Faces of Palmetto: Brenda McDonald

Allessandra Inzinna, feature editor

Brenda McDonald would get hand cramps from the dozens of signatures she prints everyday if not for the stress ball she keeps perched next to her on her desk.

Many see her as the judge and jury that holds the power to decide whether to stamp their admits permissible or impermissible. But McDonald has a special bond with the building and people she spends so much time with.  

“I went to school here in 1972, a graduate from Palmetto Senior. I lived in Miami basically all my life and I went to school and then I went to Miami-Dade [Community College],” McDonald said. “I knew my parents at that time couldn’t afford to pay for college for seven kids. I was the middle, I had three older than me and three younger than me. But we all paid for our own college.”

At Miami-Dade, she earned a degree in secretarial based data input and then started working at the nutrition department at South Miami Hospital. From there, she started her 12-year, at times unpleasant, career at Publix.

“I was working in the deli one Saturday and this lady came in and she said ‘I need a quarter tuna’ and I told her, ‘Ma’am, a quarter tuna is a really small, real little container.’ I said, ‘You sure you want a quarter tuna?’ She said [she] wanted a quarter tuna,” McDonald said. “When I gave her the container, she threw it at me.”

McDonald loves Publix, but does not regret her choice to leave her job to work for the public school system.

“That’s why I made my decision to come work for the children, because the adults were getting on my nerves,” McDonald said. “I said [there] should be something better than working for Publix and these old folks.”

McDonald returned to Miami Palmetto Senior High in 1984, starting a 34-year long career under former Palmetto principal Peter Bucholtz.

“Bucholtz gave me an interview to come back and see him on a Monday morning. I came back and he says ‘we’re going to put you to work,’ and we talked and he put me to work and I said ‘well, Bucholtz why can’t I give each one of your secretaries an hour of my work,’ so therefore I can learn the office work. And he said that’s a great idea. That’s how I really learned different departments in the office by working an hour a day in each department,” McDonald said. “That why people say, ‘well you wear many hats’ because I did do a lot of stuff in the office to get where I am today.”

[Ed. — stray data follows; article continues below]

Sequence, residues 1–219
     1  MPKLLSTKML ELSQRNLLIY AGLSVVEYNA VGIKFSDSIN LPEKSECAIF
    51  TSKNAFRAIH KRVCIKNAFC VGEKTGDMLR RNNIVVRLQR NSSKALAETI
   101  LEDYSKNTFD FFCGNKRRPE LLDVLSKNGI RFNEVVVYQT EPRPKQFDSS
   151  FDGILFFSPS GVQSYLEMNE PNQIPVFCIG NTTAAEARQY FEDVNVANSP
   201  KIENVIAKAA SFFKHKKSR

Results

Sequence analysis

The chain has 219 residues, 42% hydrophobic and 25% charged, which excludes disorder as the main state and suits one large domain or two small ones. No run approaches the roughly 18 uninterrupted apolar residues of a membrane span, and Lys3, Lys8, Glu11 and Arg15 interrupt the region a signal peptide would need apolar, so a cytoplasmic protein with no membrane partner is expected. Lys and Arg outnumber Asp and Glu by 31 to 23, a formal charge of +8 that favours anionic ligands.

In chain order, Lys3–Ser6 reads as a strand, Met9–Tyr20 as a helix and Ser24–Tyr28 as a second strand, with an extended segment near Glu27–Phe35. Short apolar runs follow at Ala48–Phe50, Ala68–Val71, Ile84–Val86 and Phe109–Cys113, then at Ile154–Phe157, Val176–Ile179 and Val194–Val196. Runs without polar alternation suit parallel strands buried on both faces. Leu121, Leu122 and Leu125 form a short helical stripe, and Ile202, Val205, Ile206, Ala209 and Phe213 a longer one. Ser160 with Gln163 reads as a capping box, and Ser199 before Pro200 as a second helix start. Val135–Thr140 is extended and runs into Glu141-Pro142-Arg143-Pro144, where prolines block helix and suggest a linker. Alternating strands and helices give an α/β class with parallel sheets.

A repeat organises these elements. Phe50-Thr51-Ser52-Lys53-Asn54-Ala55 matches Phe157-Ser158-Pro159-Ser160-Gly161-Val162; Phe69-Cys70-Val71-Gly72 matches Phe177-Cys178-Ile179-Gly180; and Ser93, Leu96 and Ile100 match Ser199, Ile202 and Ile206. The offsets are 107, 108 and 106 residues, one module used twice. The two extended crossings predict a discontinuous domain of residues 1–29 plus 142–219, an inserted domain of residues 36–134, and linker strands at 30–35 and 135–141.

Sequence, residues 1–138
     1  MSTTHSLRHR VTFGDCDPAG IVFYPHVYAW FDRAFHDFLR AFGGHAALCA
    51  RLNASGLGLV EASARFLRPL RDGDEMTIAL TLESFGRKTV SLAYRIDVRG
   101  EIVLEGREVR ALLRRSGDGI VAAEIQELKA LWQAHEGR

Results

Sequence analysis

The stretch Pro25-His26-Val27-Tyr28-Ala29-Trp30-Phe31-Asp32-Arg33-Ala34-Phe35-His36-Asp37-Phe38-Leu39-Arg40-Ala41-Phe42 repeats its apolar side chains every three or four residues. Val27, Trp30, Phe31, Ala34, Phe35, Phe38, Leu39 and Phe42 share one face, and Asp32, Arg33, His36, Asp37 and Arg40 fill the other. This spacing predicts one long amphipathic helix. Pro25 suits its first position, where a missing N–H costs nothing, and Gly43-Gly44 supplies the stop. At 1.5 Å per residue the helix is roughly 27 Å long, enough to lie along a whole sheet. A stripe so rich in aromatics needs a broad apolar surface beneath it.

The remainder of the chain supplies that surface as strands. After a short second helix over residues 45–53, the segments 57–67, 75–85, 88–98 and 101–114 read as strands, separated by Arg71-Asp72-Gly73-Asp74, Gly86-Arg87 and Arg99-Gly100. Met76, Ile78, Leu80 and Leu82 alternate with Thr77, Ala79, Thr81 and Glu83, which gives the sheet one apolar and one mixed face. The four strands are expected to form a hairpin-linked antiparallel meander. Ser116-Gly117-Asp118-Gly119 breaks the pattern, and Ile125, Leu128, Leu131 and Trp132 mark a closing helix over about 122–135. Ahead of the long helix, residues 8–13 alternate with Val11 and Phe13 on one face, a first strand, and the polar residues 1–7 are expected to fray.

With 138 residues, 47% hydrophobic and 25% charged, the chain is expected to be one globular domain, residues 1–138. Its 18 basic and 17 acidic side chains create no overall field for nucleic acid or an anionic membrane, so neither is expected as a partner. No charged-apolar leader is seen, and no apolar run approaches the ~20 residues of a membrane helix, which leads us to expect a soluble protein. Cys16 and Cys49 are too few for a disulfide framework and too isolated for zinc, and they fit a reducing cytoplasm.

Working with kids always enticed McDonald as a lifework, even as a child. Growing up, McDonald knew she did not want to be a nurse like her mother.

“Not the things I used to see her do. She had to do a lot of stuff, like draw blood and stuff,” McDonald said. “Basically, [I always knew what I wanted to be].”

McDonald was born in Miami but spent her younger days in the Bahamas with her grandmother until she started grammar school. Even as a kid, she knew she was meant to work with children.

“I love my job. I love my children. And the reason why I say that is because I was a foster parent, I fostered all together 25 foster kids. I fostered throughout my entire career here with Palmetto,” McDonald said. “Something in your life that you will say is meant for you to do. And I think children are meant for me to work with.”

Her parents instilled the importance of religion into their children, and it still plays a role in McDonald’s life today.

“My father and mother didn’t allow us to watch too much television, we had to read. And the main book that we had to read was the Bible,” McDonald said. “Religion is a big part of my family. All of my mother’s brothers are deacons. My grandmother was an Evangelist, I had an aunt who was Evangelist. So we all still in church. I’m just a church goer.”

McDonald has a large family inherited from her husband’s side. They met in Publix while McDonald shopped for her foster kids and then married in 2006. When McDonald retires in 2019, she plans to move to Montezuma, Georgia and live near more family.

“I stopped fostering until I get to Georgia, then I’ll probably start fostering again. I’m going to be retiring in 2019. In Montezuma, Georgia. I have a sister-in-law that lives in Savannah–two sisters-in-law that live in Savannah,” McDonald said. “[My siblings and I] keep in touch, we have dinner together, we go out and go to the movies and stuff together. We just like to mingle. On weekends, we pick out a weekend that all of us get together and we go do things. I had three children, one of them passed away.”

Despite her siblings having dispersed all over the country, Miami Palmetto represents a legacy in McDonald’s family. Not only did her older sister attend this school, but both sons did as well.

“I’ve been here for 34 years. It’s a legacy, this school. My sister went to school here, she graduated in 1970. I went here and I graduated in ‘72. My two boys went to school here,” McDonald said. “Palmetto’s a legacy to us. We have a foundation that we can lean on because this is our school. This is our school.”